How to Install a Car Radio
The stereo your vehicle came with might not have all the bells and whistles you want in an audio system. Luckily, there are a ton of aftermarket options and an entire niche industry dedicated to getting you what you want. The hard part — though it’s usually not that hard — is knowing how to install a car radio.
Depending on the vehicle and stereo model, the project can range from a simple swap to a more involved process, but the basic steps are generally the same. Before you take this on, always verify that the new stereo is compatible with your vehicle, and read and follow all manufacturer-provided instructions.
Out with the Old
The first step is to disconnect the negative cable from the battery to protect yourself and your equipment from shorts and sparks. Next, head to the dash area. Be sure to take pictures at all stages before and during disassembling so you can remember how the pieces go back together.
Remove the trim using plastic tools designed for the job, and watch out for hidden screws. Note that some trims simply pop out, and some have fasteners. You may find that other components are in the way and must be moved or disconnected. Once those are removed, you can begin taking out the stereo itself, which is usually held in a metal mounting frame by screws. Some models may require a special key for removal.
Once the stereo is detached, disconnect the antenna cable (the stiffer one) and any wiring harnesses. These usually have a small tab you have to push in, which will allow you to pull the whole connector out. Remember never to pull the harnesses apart by the wires. The key here is to be gentle and take it slow. You don’t want to break any plastic tabs that may leave your trim loose or rattling.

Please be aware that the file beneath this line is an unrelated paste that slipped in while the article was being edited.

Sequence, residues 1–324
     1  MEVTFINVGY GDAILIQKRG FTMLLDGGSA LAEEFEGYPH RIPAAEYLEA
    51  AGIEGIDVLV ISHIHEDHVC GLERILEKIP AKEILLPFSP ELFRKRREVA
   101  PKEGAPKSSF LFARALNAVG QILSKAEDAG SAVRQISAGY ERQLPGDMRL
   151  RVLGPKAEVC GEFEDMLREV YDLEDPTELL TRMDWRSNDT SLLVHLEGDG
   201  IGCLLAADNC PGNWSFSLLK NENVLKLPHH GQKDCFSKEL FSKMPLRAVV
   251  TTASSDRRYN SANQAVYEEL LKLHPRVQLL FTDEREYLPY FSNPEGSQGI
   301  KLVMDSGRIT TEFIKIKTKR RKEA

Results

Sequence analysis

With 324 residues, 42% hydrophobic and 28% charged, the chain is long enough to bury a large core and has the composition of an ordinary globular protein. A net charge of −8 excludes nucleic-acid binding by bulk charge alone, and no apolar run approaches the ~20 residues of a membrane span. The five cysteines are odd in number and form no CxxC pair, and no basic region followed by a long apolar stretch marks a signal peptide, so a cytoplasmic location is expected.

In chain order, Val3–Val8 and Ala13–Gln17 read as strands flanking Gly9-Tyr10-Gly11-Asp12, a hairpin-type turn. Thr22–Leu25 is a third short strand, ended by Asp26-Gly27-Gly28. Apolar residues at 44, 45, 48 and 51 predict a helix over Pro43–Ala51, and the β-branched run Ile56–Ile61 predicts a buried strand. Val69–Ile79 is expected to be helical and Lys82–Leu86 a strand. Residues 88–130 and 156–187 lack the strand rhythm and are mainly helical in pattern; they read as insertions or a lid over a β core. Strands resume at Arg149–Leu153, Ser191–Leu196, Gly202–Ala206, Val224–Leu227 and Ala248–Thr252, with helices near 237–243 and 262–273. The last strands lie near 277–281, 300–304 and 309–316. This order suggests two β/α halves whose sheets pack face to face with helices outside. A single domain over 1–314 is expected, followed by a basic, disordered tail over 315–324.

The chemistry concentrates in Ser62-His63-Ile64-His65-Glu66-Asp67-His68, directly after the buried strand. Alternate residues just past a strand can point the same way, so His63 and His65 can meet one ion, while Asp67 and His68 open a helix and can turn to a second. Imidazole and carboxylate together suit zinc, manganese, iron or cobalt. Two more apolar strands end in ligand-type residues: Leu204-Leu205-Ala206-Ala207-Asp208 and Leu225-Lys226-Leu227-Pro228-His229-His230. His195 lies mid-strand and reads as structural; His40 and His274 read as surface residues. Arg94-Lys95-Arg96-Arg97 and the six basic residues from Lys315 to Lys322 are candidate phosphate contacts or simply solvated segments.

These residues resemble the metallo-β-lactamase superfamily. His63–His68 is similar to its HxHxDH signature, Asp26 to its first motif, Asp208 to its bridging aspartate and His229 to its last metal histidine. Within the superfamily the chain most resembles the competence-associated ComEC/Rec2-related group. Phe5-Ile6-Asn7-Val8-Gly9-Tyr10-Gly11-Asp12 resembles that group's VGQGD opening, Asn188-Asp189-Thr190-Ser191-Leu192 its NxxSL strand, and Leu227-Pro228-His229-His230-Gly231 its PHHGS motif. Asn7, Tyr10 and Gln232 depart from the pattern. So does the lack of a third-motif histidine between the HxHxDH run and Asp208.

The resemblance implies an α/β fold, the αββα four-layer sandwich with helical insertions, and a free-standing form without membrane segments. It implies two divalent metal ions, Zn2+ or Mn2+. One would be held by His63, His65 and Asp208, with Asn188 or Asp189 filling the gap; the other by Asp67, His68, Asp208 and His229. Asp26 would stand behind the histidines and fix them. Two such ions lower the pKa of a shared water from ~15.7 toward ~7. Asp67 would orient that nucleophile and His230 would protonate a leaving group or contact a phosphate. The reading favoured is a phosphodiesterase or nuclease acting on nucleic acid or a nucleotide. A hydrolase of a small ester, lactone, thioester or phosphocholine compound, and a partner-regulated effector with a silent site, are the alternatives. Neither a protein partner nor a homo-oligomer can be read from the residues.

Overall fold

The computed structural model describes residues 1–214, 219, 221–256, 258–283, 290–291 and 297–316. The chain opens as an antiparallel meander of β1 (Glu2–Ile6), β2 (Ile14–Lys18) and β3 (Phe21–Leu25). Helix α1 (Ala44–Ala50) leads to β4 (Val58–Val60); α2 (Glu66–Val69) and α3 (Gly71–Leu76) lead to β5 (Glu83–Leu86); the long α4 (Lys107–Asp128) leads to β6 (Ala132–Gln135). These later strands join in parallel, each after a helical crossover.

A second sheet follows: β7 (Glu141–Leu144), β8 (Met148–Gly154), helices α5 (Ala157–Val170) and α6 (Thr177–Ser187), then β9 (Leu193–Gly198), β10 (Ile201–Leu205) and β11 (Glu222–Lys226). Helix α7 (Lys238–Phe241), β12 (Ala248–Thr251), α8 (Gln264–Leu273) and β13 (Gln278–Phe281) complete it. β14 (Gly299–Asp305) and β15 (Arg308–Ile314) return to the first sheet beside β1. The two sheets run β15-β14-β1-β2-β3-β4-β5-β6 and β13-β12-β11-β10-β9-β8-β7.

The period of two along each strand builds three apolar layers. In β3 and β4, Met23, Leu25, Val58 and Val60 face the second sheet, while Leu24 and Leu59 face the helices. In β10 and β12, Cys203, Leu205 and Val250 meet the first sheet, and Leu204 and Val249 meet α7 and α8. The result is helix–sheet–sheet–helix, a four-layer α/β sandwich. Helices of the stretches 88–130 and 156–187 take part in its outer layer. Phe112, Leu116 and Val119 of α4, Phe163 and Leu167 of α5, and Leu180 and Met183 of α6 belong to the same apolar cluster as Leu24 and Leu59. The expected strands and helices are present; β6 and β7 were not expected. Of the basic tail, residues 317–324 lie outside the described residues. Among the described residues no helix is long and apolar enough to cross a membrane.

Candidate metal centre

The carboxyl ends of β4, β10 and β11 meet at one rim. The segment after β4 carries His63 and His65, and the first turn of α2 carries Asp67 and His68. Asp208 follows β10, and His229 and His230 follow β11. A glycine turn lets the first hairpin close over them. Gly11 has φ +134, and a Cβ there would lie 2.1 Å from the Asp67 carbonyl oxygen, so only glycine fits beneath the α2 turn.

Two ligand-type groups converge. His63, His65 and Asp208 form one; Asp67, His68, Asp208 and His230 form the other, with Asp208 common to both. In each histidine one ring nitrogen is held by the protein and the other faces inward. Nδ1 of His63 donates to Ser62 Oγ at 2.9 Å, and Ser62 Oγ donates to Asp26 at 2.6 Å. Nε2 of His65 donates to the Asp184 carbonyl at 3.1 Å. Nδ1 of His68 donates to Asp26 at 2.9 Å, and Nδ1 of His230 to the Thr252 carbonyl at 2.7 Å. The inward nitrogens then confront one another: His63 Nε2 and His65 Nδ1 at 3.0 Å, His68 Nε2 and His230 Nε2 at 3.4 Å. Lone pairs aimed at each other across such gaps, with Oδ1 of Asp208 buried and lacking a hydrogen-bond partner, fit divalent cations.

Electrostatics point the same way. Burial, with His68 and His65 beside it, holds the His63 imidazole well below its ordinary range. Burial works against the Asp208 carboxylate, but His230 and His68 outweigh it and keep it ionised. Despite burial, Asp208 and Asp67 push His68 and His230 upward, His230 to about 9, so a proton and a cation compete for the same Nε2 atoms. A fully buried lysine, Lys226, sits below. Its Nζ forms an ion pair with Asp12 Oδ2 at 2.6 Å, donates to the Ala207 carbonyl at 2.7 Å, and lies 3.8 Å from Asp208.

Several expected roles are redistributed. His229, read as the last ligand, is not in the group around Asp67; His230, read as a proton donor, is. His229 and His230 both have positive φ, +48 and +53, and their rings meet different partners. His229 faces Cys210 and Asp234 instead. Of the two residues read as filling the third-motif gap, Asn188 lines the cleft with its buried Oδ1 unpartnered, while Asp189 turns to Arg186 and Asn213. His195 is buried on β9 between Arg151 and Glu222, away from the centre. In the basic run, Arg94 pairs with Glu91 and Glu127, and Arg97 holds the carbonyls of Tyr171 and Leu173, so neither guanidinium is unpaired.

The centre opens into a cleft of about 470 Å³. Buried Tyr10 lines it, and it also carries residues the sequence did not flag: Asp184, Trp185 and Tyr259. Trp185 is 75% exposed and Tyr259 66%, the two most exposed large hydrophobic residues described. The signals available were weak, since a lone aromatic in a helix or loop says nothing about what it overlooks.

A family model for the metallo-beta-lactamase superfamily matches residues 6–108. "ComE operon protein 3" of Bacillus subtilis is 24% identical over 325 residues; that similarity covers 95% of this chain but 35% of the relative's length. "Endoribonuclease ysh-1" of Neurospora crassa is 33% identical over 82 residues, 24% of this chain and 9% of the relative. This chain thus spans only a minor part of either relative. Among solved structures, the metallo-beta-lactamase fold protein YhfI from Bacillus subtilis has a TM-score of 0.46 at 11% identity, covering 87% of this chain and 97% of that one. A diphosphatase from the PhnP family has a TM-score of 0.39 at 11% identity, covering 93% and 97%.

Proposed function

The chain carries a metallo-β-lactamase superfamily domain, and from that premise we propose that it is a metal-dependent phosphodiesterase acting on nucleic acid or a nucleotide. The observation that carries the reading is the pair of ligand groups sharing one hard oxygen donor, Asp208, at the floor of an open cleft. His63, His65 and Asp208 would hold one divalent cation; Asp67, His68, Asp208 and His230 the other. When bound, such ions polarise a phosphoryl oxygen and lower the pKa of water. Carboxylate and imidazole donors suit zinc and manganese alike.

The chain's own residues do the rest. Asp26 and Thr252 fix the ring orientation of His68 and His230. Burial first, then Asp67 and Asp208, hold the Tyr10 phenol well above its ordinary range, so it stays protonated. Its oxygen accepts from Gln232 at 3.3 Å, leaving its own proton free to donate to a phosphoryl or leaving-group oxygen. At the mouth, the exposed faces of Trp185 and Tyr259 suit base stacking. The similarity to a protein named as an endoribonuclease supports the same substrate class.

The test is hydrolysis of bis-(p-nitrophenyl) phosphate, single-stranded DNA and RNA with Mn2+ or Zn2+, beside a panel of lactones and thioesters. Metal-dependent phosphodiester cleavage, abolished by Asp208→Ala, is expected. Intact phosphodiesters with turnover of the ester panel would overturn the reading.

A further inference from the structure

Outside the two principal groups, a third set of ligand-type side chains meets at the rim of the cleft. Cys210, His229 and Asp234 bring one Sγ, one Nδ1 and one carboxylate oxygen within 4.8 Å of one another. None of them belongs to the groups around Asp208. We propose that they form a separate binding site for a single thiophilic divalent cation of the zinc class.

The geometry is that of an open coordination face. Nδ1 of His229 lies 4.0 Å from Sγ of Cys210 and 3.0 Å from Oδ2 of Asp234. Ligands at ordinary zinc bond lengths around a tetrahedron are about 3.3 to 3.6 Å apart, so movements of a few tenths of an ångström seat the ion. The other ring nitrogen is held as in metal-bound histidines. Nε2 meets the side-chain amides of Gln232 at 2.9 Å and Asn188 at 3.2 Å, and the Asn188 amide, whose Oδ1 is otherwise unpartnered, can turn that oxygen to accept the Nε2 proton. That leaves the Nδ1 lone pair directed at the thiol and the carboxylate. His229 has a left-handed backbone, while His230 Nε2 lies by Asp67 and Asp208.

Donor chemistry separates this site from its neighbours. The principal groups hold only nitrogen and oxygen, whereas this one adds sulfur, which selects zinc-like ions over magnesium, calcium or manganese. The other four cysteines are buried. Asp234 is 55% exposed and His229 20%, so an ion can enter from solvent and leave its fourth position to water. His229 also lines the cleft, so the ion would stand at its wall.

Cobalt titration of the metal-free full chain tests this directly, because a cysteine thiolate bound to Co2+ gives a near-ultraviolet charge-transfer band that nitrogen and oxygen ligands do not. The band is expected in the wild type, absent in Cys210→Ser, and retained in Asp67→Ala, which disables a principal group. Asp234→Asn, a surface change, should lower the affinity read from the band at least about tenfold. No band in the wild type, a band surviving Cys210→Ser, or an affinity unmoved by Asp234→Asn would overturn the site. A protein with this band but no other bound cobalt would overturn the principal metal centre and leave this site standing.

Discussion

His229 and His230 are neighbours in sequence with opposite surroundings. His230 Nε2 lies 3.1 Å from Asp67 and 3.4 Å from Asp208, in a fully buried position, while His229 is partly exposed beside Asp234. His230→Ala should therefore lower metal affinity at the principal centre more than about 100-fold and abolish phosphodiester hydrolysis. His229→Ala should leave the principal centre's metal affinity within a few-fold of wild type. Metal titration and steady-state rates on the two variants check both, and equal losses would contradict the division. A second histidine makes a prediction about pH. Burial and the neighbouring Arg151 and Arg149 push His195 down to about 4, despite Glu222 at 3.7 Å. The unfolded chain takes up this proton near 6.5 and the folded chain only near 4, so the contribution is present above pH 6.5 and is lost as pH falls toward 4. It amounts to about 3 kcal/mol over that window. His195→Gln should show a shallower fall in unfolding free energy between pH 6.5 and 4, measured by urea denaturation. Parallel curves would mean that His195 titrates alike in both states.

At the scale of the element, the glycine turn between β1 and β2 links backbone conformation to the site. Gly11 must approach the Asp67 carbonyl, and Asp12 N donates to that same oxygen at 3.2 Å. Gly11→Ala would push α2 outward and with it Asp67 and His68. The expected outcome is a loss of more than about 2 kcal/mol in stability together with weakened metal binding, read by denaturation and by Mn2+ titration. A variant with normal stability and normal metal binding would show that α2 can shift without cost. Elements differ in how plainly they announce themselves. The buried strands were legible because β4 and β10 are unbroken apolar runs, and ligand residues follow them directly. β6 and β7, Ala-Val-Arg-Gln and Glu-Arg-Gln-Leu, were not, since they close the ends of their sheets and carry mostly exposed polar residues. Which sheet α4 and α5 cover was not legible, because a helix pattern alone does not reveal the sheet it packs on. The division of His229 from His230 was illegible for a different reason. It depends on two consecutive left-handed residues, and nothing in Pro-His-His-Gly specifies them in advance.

A Quick Change
It’s rare that a different stereo fits directly into the old setup, plugs and all. You’ll likely need new housing, a bracket, and a wiring harness adapter, which are often sold together as a kit with new stereos. Read the instructions carefully to determine what you’re in for with the harness. You can plug and play certain models, but others require soldering and shrink-wrapping the wires. Similarly, some new stereos come with housing and brackets already installed, while others will require you to install these components.
Some online radio retailers will assemble the wiring and harnesses for you if you provide them with your make and model. If you’re doing it yourself, it’s important to make sure you’re connecting the wires according to the schematics. Often this is as simple as matching like colors together, but don’t make assumptions. Depending on the swap, you may also end up with a couple of extra wires in the end, which you can tidy up with zip ties.
In With the New
Connect all wiring harnesses and the antenna, and if separate power and ground wires exist, connect those as well. Before you reassemble it all, you need to make sure everything is working. Reconnect the battery, turn on the new unit, and check for power and functionality. If all is well, disconnect the battery and reassemble your dash in reverse order of how you took it apart.
Be sure to replace all housing and bracket fasteners, put any surrounding components back in place, and carefully snap the trim back in. With everything installed, turn the vehicle back on for one final function test — and hopefully a victorious jam session.
Again, always ensure compatibility between your vehicle and the new stereo before purchasing. Beyond that, the installation job is usually doable if you take the time to follow the instructions. Remember that seeking professional help is always an option as well.
Check out all the car audio products available on NAPA Online, or trust one of our 17,000 NAPA AutoCare locations for routine maintenance and repairs. For more information on how to install a car radio, chat with a knowledgeable expert at your local NAPA AUTO PARTS store.
Photos courtesy of Blair Lampe.
Blair Lampe View All
Blair Lampe is a New York-based professional mechanic, blogger, theater technician, and speechwriter. In her downtime she enjoys backpacking wherever her boots will carry her, rock climbing, experimental theatre, a crisp rosé , and showering love on her 2001 Sierra truck.
Leave a Reply